Secondly the scale of the franchise has changed the purpose of the films. They used to be made for entertainment purposes, but now it is purely financial. They know they can pump out any horse shit they can manage and people will still flock to see it. It is a franchise measuring success by how much money the films earn, as opposed to the quality of the films. By this point they’re just squatting down every two years and shitting out a bad film then waiting for the millions to roll in. What you have to consider is that Box Office figures don’t equate to quality of film. Think about it, in 2009/2010 Avatar took more money at the Box Office than Inception. Which is the better film? Inception. It’s the same with Fast & Furious. Earlier this year Furious 7 took more money than films like Whiplash and The Theory of Everything. Is it a better film than either of those? Not even close.

Fans of the franchise try to defend it by saying it’s not all about the money. But as the film critic Doctor Mark Kermode pointed out, the studio aren’t evening hiding the fact it’s all about the money.

Kermode attended a press screening of Fast & Furious 6 before it was released, and as per usual being a film critic he received the press notes. Now, normally the press notes are used to say what the filmmaker’s vision was, what the film means, why it was made etcetera. In the case of Fast & Furious 6 the press notes consisted of three paragraphs about money and one small paragraph at the end attempting to persuade the reader that the film means something. So their intentions were made clear. The press notes pontificated about how much money the film cost to make, how much money the previous films took at the Box Office and how successful they feel the franchise is based on how much money it takes, and so it was clear that money was their primary focus, thus explaining why the film was so rubbish. It’s a typical case of a franchise just pumping out sequel after sequel because they know that people will pay to see them regardless of how awful they are, like Pirates of the Caribbean. The studio is well aware that each sequel will take more money than the previous film which is why they will keep watering the money tree for as long as they can.

So as the ludicrous stunts are taking place and all the gunfire and explosions are happening on screen there is one thing that works in the franchise’s favour. The only feature that works to an extent, but still needs improving, is the gender equality. It is refreshing to see an action film with strong female characters who kick arse as well as any of the men do. I like that Michelle Rodriguez is still looking to play the female action character that is a challenge for any man on screen, much like her smaller roles in older films like Resident Evil and Avatar. However this is still not enough to make up for the ill-disciplined action sequences that account for a considerable amount of the screentime.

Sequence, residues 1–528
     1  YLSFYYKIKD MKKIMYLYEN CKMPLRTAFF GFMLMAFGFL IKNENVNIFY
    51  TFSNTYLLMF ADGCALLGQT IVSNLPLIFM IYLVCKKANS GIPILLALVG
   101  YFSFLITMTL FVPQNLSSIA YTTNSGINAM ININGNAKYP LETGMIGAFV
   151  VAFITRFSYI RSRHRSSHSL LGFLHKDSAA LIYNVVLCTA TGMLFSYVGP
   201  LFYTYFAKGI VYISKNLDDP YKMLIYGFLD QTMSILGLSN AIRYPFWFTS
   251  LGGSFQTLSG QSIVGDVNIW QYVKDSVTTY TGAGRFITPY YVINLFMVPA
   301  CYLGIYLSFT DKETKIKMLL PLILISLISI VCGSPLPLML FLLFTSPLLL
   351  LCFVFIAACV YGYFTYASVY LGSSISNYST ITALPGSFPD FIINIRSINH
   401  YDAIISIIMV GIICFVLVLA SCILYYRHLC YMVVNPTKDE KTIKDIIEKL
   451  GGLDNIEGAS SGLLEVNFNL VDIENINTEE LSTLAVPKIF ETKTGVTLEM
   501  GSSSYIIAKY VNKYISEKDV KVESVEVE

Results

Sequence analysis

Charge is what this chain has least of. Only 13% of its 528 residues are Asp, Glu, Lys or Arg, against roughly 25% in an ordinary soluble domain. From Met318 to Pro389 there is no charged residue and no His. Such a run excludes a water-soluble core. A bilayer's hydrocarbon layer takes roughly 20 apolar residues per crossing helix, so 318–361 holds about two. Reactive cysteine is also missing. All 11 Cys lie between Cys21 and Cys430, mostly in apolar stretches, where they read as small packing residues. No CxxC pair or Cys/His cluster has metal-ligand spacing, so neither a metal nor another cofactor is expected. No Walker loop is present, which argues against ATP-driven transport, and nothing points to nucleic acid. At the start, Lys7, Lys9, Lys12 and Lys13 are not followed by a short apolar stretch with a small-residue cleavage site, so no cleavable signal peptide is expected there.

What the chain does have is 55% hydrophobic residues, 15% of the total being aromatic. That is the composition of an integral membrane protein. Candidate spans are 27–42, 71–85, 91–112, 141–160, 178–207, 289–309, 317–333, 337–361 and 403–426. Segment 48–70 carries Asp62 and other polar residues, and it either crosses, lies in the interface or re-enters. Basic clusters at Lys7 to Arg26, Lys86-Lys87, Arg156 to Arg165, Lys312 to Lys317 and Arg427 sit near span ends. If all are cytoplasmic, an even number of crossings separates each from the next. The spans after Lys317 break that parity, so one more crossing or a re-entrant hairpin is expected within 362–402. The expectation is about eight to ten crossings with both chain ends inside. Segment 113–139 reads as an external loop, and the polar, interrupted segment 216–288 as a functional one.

It’s not that I’m a film snob who doesn’t like action films at all. On the contrary I really like action as a genre. I’ve grown up with Marvel films which often make very good action films, such as the recent Guardians of the Galaxy. I’m also a big fan of Matthew Vaughn who directed Kick Ass, which still remains one of the best films of recent years. The problem is that action is a genre that slips into stupidity very easily, so with films like Transformers it’s incredibly boring seeing building after building get smashed for two and a half hours. Thankfully, it is a genre that is mastered brilliantly by certain people.

If you want to watch a really good action film then I cannot recommend highly enough the Indonesian hit The Raid, directed by Gareth Evans. It is the perfect example of an unabashedly bold action film that has a beating heart and an intelligent brain. It is a brutal film about a SWAT team attempting to clear out a tower block inhabited by criminals and gang members, and for such a simple premise they managed to make a fantastic film out of it and transcend everybody’s expectations. The action sequences are directed with such pinpoint precision, and it’s shot in such a fantastic manner whereby the camera moves like liquid from floor to floor and the action looks and feels real. You can feel the weight of every hit, every kick, and because the narrative takes its time to develop you genuinely feel scared for the main character and establish an emotional connection with him. Most importantly this means that the events of the film matter to you as the audience. It is genuinely a fantastic film and proves that action does not have to be stupid.